It’s now called the Academic Policy Advisory Committee and the members are elected. What were the problems that called it into being?
Well, this committee was originally appointed by the president. In previous years there was no agency with oversight responsibility for the university’s curriculum, to see that there weren’t unfilled gaps or bad cases of duplication among departments and colleges. When I succeeded Homer Durham as vice-president, I gave some attention to that situation but didn’t do anything about it. When I returned from Washington, Daniel Dykstra, who had taken my place as vice-president, told me that he and President Olpin had come to the conclusion that we should form a committee to deal with the problem. It wasn’t the sort of thing I wanted to do, but I agreed to chair what was called the Curriculum Committee—with the clear understanding that we would not do the curriculum job.
So how did you define your role as a committee?
We were strictly an advisory committee, and our job was to examine and evaluate any educational program of the university independently of any administrative interference. We had no powers of action, but we did have responsibility and power to advise the administration and faculty.
So you had no control over finances, no power to change programs, but considerable influence, given the stature of the people on the committee?
Yes, that’s it. By virtue of the wisdom of this group, coupled with our research and the persuasiveness of our recommendations, we had clout; but no one was under any obligation to act on our recommendations.
And what was the work of your committee?
We took as our first piece of business an examination of the College of Business, now the College of Business and the Graduate School of Business. I didn’t think we should have an undergraduate College of Business in the first place. That’s a long story, but, to make it brief, I thought we should have an undergraduate program in accounting and one or two other things but that the College of Business should be a graduate operation. After devoting some attention to the College of Business, we decided that a more acute problem, and a far more pressing one, was the College of Education. After two years of study, we submitted our first report, which recommended that the College of Education be made a graduate school.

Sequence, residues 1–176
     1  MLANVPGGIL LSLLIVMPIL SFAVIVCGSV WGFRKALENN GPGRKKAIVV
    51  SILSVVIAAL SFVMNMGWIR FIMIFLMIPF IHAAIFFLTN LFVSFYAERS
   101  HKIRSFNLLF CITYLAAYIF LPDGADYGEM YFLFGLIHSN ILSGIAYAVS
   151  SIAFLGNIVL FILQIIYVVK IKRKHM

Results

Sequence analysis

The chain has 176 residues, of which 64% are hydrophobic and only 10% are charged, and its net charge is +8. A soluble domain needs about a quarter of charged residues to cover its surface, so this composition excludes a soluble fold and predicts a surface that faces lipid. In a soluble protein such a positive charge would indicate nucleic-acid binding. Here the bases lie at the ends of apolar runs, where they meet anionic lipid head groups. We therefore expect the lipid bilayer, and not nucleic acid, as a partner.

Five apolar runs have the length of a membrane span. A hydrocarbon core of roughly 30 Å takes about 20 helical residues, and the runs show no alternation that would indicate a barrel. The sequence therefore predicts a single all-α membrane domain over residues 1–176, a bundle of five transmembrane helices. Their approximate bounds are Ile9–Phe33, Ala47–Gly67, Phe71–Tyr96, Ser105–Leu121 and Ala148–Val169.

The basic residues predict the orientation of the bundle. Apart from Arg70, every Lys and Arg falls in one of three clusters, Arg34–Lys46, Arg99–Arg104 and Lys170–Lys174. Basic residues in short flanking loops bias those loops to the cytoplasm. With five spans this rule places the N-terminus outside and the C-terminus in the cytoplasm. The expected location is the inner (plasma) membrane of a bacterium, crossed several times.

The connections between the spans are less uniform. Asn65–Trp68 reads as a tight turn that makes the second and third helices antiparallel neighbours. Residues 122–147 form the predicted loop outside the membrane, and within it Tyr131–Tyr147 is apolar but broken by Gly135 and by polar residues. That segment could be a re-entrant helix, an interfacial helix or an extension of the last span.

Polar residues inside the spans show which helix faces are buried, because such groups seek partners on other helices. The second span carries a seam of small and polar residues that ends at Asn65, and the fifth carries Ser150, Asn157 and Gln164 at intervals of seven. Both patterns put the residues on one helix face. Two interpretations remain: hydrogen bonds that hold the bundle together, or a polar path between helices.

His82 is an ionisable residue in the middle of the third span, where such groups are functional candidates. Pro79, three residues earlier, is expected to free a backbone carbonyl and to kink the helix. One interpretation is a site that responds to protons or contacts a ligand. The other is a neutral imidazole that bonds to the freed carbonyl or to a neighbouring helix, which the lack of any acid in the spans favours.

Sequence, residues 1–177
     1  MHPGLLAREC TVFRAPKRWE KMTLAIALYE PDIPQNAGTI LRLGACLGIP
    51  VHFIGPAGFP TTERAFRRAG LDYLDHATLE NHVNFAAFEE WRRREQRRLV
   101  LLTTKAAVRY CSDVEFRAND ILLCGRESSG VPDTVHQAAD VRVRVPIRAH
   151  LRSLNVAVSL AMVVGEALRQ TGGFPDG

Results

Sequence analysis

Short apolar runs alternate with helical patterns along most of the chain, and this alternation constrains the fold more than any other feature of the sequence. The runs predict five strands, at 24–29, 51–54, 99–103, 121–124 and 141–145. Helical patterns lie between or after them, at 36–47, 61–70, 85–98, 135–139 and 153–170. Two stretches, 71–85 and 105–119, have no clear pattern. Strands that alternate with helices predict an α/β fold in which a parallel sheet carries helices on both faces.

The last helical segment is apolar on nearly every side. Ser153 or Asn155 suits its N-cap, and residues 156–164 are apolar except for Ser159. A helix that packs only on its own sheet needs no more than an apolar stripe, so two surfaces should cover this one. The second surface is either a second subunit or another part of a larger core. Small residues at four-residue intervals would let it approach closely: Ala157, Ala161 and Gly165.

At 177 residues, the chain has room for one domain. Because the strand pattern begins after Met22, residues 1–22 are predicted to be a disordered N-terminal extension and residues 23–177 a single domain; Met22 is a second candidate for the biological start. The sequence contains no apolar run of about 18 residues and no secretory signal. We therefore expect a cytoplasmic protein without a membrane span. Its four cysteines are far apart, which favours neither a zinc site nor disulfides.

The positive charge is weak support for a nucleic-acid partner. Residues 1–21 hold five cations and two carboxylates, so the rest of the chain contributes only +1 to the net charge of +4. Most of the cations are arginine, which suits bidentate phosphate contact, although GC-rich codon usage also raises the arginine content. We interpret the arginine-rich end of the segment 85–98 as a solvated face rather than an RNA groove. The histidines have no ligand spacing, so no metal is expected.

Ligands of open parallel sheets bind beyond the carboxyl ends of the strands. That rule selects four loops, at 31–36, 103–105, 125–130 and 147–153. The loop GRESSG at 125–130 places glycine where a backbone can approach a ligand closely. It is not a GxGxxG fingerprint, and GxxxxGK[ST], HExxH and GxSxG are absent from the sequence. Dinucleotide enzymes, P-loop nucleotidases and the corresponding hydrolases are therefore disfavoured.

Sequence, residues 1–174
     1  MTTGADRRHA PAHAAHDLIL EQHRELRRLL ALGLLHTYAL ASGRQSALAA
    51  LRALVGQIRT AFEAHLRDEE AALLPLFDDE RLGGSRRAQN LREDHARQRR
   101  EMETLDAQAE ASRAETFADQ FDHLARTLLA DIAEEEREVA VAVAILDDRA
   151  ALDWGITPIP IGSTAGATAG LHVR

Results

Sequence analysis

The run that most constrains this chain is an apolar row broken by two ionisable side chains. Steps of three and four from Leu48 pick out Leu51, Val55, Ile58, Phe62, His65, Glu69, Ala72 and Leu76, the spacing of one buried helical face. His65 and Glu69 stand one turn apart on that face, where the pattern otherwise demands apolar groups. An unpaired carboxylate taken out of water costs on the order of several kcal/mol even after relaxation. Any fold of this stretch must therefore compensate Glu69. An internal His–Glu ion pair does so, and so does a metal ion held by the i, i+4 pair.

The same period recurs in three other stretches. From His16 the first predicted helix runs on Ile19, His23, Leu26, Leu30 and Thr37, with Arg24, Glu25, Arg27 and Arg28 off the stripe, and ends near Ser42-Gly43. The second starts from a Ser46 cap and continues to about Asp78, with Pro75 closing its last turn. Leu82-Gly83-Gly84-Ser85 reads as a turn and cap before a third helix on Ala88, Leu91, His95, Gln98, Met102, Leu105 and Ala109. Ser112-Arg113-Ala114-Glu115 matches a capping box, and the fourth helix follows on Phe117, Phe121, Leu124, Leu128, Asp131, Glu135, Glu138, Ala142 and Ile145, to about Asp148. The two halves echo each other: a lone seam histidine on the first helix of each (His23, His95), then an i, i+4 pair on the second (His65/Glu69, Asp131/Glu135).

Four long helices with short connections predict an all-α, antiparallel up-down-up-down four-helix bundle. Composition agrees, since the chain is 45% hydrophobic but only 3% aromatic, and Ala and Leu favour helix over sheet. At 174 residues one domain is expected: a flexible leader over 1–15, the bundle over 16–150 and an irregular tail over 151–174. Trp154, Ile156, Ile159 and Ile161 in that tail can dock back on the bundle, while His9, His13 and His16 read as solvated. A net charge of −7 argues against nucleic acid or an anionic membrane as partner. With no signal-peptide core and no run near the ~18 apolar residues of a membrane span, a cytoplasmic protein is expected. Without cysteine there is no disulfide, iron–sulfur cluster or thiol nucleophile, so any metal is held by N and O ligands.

[p. 312] Why did your committee decide that education was more pressing than business?
The thing that caused the shift is that the members of the committee—and I was one of them—more and more realized that the problems in the College of Education were more acute. We didn’t want to rush through the thing but rather to make a thorough study, so we devoted many months to our study of the College of Education. At that time the physical education program was in the College of Education along with home economics, and we recommended the creation of a separate college for physical education and a department for home economics outside the School of Education. Thereafter, physical education became the College of Health.
Home economics is now the Department of Family and Consumer Studies, located in the College of Social and Behavioral Science. Having just come back from Washington, it was quite logical for you to have ideas about reforming education on your mind.
Yes, I thought there was nothing wrong with reforming education a little bit. As it turned out, the Faculty Senate was in favor of upgrading the college to a Graduate School of Education and splitting off physical education, modern dance, and home economics. So was the administration. The only objections that I heard were from people in the School of Education. However, the dean, Asahel Woodruff, and Reed Merrill, the education school’s representative on the committee, were in favor of the committee’s proposals. The main substantive thing we came up with—and this is what I personally pushed for—was elevating the status of education as an advanced professional study with a program of liberal education as its base.
Research in education is taken for granted now; sometimes it’s even taken too far and diminishes our attention to other professorial duties. Explain what you see as the problem of preparing teachers and administrators .for the public schools.
Educators are professionals, like doctors; and I think we should provide these people with first-class preparation. Anyone going into teaching or administration should have an honest-to-goodness liberal education as a foundation.
And thirty years later we’re still talking about this, and we still haven’t done it very well.